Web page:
Aung Aung


Research Departments・Position

Political and Economic Coexistence・Guest Research Associate


Research Interests / Keywords


The International Politics of Rakhine Crisis in Myanmar: China, Japan, and United States

I am writing about the Rakhine Crisis in Myanmar while I am at the CSEAS.
In my paper, the Rakhine Crisis refers to the Rohingya Crisis, and I will examine China, Japan and the U.S. role in the crisis with their involvements, their interests and their concerns. I will also find out how they view each other and how they strive to influence or persuade Myanmar. Since 2011, Myanmar has been under democratic reforms, and since then, the relationship between Myanmar and the West were improved. Myanmar viewed the U.S. as a good friend of Myanmar since the U.S. straightly supported Myanmar’s democracy movement in the past, but due to its stance on the Rohingya Crisis, the relations between the U.S and Myanmar is getting tense. Myanmar has viewed that the U.S. and the West extremely focus on human rights and international liberal interests. On the other hands, since 2011, Myanmar negatively viewed China because China unilaterally supported previous Myanmar’s military junta. However, China appeared as a good friend of Myanmar in the Rohingya Crisis, and the relations between China and Myanmar is getting close. Myanmar has viewed that China extremely focus on its security and national interests. Amid of Americanophobia and Sinophobia, Myanmar looks for more friends who understand Myanmar on this Rohingya issue, and Myanmar eyes Japan as old and good friend of Myanmar. Can Japan play more than the U.S. and China? Can Japan be a balance maker in Myanmar’s Rakhine State between the U.S. and China? My research will look into these questions.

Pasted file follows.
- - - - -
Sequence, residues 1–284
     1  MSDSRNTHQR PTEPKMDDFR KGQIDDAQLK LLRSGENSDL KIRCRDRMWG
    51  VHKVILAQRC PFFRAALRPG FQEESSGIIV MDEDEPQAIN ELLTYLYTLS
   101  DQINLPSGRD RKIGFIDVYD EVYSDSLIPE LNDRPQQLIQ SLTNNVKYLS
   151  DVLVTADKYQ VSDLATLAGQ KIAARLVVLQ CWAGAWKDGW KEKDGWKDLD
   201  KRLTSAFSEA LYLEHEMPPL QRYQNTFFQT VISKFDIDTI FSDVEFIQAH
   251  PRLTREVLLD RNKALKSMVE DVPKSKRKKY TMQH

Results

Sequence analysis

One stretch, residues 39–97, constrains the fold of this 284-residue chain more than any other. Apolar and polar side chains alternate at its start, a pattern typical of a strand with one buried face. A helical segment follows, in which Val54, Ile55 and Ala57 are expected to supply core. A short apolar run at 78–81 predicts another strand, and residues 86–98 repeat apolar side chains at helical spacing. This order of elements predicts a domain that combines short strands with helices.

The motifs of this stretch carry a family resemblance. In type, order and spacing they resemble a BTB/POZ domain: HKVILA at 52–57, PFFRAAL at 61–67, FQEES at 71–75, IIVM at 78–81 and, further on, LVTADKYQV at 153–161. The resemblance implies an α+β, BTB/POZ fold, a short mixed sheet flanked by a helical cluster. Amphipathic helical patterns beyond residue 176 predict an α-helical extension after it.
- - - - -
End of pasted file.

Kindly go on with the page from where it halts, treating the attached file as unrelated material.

Aung Aung is a regular contributor to the Myanmar-language press under the pen-name Aung Aung IR. He obtained his master’s degrees in international relations, and peace and conflict resolutions from KDI School of Public Policy and Management in South Korea in 2006 and from Duke University in the United States in 2012. He is also a Rotary Peace Fellow. In Myanmar, he worked for the Internal Revenue Department (IRD) (1993-1998), the Myanmar Investment and Commercial Bank (MICB) (1998-2008), Save the Children International (SCI) (2008-2009), the United Nations High Commissioner for Refugees (UNHCR) (2011-2012), the United Nations Education, Science and Cultural Organization (UNESCO) (2013) and The Delegation of European Union in Myanmar (EU) (2014-2019). He also served as guest researcher at the Institute for Security Development Policy (ISDP) in Sweden in 2012 and as a visiting fellow at the ISEAS-Yusof Ishak Institute in Singapore in 2018. At ISDP, his research focused on the role of political parties in promoting democracy in Myanmar, and at ISEAS, his research focused on upcoming 2020 Myanmar’s general elections. At CSEAS, his research will focus on international politics of the Rohingya Crisis in Myanmar.